Fox Corporation Acquires Streaming Platform Tubi for $440M

Fox Corporation is purchasing San Francisco-based, ad-supported streaming platform Tubi for $440 million in cash and the potential of $50 million in future deferred consideration and unvested options. Tubi, which currently has 25 million users in North America and Australia, streams thousands of movies and TV shows from more than 250 content partners including Lionsgate, Paramount Pictures and Warner Bros. Tubi is accessible via numerous streaming devices, including the Amazon Fire TV Stick, Apple TV, Roku, and smart TVs from brands such as Samsung and Sony.

“Fox Corporation, which is separate from 21st Century Fox (the part of the company Disney acquired in 2019 for $73 billion), doesn’t have its own popular streaming platform,” reports The Verge.

“Tubi will immediately expand our direct-to-consumer audience and capabilities and will provide our advertising partners with more opportunities to reach audiences at scale,” said Fox Corporation CEO Lachlan Murdoch in the press release. “Importantly, coupled with the combined power of FOX’s existing networks, Tubi provides a substantial base from which we will drive long-term growth in the direct-to-consumer arena.”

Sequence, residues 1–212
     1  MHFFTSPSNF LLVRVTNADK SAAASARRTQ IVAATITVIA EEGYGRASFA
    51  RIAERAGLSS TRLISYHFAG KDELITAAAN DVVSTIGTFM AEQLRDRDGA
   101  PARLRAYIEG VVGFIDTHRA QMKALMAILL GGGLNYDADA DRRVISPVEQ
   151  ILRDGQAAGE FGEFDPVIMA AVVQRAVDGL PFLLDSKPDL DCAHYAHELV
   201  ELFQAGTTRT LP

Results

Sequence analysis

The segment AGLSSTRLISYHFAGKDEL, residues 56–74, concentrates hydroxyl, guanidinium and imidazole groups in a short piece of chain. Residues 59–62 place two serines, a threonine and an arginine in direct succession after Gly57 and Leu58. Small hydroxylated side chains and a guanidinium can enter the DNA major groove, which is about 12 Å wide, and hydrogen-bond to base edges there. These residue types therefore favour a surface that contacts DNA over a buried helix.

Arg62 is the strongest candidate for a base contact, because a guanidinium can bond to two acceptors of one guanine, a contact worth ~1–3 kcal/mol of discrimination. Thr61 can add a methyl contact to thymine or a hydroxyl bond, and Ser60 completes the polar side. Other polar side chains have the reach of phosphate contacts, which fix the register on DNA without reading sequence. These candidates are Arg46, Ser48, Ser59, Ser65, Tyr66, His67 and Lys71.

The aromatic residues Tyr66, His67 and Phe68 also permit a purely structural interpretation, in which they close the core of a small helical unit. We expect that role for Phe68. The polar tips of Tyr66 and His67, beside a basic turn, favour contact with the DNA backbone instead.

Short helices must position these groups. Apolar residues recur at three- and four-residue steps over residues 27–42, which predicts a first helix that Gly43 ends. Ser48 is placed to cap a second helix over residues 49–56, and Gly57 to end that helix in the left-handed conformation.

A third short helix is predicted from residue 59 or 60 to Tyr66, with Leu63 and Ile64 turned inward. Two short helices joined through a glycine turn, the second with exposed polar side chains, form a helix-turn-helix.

“FOX will finance the Tubi acquisition principally with the net proceeds from the completed sale of its stake in Roku,” notes the release. “In doing so, FOX preserves its balance sheet capacity by essentially exchanging a passively held minority investment for full ownership and control of a leadership position in the free ad-supported streaming market.”

Tubi will continue to be operated as an independent service, but will add FOX movies and television series for its subscribers. “The company is also looking to expand the type of content that Tubi can provide to subscribers through national and local news, alongside sports programming,” explains The Verge. 

Tubi is not expected to produce original content anytime soon, so it likely won’t be seen as a direct competitor to Apple TV+, Disney+, Hulu or Netflix. Instead, it will “compete with other free, ad-supported streamers including Pluto TV (owned by ViacomCBS), Xumo (Comcast), and Crackle (Sony).”

“Ad-supported streaming platforms have become appealing to traditional media companies,” reports The Wall Street Journal. Viacom picked up Pluto TV for $340 million last year and Comcast acquired Xumo in February. Comcast’s “NBCUniversal unit is in talks to acquire Walmart Inc.’s Vudu, according to people familiar with the matter. Vudu rents or sells movies and TV shows to consumers as well as having an ad-supported streaming service.”